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eelke_folmer

need for flexibility

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With an average game project lasting between 18-24 months how "high" is the need for flexibility concerning COTS development? e.g. How likely is it for game projects to replace a COTS component such as a game/physics/sound/AI engine halfway during development? I read the postmortems book and in the past it has happened occasionaly, but is flexibility really a prime requirement for modern game development? I can imagine flexibility is only an issue when you are planning for sequels (only if the first game is successful). After the game is shipped no code development is done as opposed to non game software. [Edited by - eelke_folmer on March 28, 2006 11:12:30 PM]

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In my (limited) experience such a replacement is fairly rare. Normally it is standard procedure to do very careful evaluations and prototyping of third-party components and core components before massive integration into the final engine. Every now and then something will be ripped out and fully replaced, but this is rarely a serious issue; it is also common to build insulation layers between components and the implementation (e.g. a thin wrapper over a netcode library) so that other implementations can be swapped in with relatively small changes. Usually, though, great care is taken to make sure that components are designed/selected appropriately from the beginning.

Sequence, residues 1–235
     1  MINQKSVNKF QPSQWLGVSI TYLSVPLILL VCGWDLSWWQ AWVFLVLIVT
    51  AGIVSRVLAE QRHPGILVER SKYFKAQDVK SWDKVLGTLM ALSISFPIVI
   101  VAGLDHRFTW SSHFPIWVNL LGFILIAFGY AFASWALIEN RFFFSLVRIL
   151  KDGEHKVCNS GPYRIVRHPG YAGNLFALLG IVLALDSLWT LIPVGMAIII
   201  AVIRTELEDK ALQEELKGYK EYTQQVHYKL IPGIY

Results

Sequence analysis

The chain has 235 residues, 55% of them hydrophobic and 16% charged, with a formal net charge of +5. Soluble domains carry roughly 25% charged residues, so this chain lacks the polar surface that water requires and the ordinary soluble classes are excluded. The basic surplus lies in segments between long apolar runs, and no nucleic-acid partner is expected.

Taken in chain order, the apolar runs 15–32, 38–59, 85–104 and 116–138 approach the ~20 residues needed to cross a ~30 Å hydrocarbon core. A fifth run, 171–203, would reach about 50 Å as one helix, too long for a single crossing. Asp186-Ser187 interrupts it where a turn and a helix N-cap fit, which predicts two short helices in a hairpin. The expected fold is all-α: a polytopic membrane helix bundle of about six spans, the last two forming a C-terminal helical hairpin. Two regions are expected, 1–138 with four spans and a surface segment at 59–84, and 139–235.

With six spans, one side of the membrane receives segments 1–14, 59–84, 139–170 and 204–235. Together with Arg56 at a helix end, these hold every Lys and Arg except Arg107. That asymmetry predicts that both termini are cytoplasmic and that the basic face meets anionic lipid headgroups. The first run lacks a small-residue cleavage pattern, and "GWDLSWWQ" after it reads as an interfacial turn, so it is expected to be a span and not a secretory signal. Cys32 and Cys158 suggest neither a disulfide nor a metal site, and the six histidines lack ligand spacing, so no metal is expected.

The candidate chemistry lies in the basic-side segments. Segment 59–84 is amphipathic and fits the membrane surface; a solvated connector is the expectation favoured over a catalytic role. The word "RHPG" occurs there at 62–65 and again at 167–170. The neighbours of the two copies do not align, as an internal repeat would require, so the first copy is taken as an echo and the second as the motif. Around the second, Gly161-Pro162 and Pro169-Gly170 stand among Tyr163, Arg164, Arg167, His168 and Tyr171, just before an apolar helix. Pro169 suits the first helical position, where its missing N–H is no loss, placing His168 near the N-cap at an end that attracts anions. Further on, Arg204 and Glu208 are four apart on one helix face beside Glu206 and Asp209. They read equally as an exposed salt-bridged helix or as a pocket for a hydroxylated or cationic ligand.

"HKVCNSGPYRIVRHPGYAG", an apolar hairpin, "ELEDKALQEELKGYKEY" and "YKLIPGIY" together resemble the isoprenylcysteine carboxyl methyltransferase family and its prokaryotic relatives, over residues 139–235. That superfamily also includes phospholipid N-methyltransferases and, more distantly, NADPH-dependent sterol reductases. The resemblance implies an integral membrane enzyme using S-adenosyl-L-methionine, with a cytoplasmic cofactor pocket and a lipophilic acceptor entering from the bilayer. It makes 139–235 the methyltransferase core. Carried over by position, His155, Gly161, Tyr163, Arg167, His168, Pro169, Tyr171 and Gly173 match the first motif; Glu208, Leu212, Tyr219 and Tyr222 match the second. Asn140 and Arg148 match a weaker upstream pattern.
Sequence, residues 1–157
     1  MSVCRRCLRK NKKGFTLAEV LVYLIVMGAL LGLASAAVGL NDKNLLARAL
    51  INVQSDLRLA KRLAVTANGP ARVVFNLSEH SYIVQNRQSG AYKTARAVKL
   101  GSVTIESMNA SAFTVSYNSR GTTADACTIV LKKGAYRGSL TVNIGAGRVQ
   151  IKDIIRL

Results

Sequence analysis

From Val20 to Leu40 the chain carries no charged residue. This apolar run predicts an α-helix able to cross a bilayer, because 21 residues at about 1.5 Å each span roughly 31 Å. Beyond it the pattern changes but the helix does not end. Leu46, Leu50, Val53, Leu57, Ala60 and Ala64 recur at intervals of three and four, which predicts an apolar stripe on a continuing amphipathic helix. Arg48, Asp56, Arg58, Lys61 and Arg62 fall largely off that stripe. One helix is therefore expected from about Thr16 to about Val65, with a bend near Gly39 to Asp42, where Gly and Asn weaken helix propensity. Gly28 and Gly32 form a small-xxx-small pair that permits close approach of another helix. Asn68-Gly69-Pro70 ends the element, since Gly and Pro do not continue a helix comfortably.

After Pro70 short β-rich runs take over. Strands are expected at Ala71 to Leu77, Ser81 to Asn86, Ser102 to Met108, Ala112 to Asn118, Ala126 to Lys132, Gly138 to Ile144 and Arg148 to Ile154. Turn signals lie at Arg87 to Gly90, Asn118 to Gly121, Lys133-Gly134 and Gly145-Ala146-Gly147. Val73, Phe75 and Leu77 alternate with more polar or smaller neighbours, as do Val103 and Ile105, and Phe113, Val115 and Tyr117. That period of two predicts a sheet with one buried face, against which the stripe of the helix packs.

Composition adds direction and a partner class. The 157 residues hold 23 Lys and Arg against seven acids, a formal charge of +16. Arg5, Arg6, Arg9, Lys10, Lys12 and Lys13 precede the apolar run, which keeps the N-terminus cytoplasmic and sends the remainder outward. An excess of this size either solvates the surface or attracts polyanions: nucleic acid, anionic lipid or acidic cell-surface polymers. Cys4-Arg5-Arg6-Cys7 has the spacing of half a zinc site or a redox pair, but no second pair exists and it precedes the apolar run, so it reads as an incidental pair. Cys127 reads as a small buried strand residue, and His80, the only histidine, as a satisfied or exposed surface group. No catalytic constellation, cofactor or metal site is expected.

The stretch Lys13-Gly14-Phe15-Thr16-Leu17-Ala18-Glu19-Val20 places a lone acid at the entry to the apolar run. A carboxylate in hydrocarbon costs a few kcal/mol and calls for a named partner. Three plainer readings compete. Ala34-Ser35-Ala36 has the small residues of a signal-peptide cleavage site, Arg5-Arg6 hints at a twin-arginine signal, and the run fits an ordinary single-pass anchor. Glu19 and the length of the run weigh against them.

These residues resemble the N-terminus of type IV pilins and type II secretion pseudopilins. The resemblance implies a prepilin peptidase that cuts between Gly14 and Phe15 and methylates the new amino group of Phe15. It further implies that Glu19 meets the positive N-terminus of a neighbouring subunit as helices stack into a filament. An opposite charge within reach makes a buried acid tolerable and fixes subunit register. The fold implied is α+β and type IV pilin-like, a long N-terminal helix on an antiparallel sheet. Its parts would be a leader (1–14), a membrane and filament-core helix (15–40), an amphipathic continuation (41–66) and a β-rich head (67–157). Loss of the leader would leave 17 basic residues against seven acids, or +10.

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Maybe we should distinguish two kinds of flexibility:

e.g.
Runtime/devopment flexibility - being able to switch COTS components during development or even runtime. Which may not happen that often.

evolutionary flexibility - switching COTS components during a product's evolution. Evolution has a somewhat different meaning for games; e.g. sequels. If your game is succesful; a sequel is developed. Switching COTS components is more typical, however as most of the game content is different this may not have a big impact on the existing architecture.

From a Cost benefit perspective the need to design a flexible architecture depends on the likelihood of success of your game.

anyone have any ideas on this?

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I would posit that any well-factored system will, by nature, exhibit a reasonable degree of evolutionary flexibility. In my mind at least that isn't so much a goal of design per se as a very nice side-effect of a good design.

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I agree with that, although one must not overengineer. i.e. a good engineer knows when additional complexity adds value over simplicity in design.

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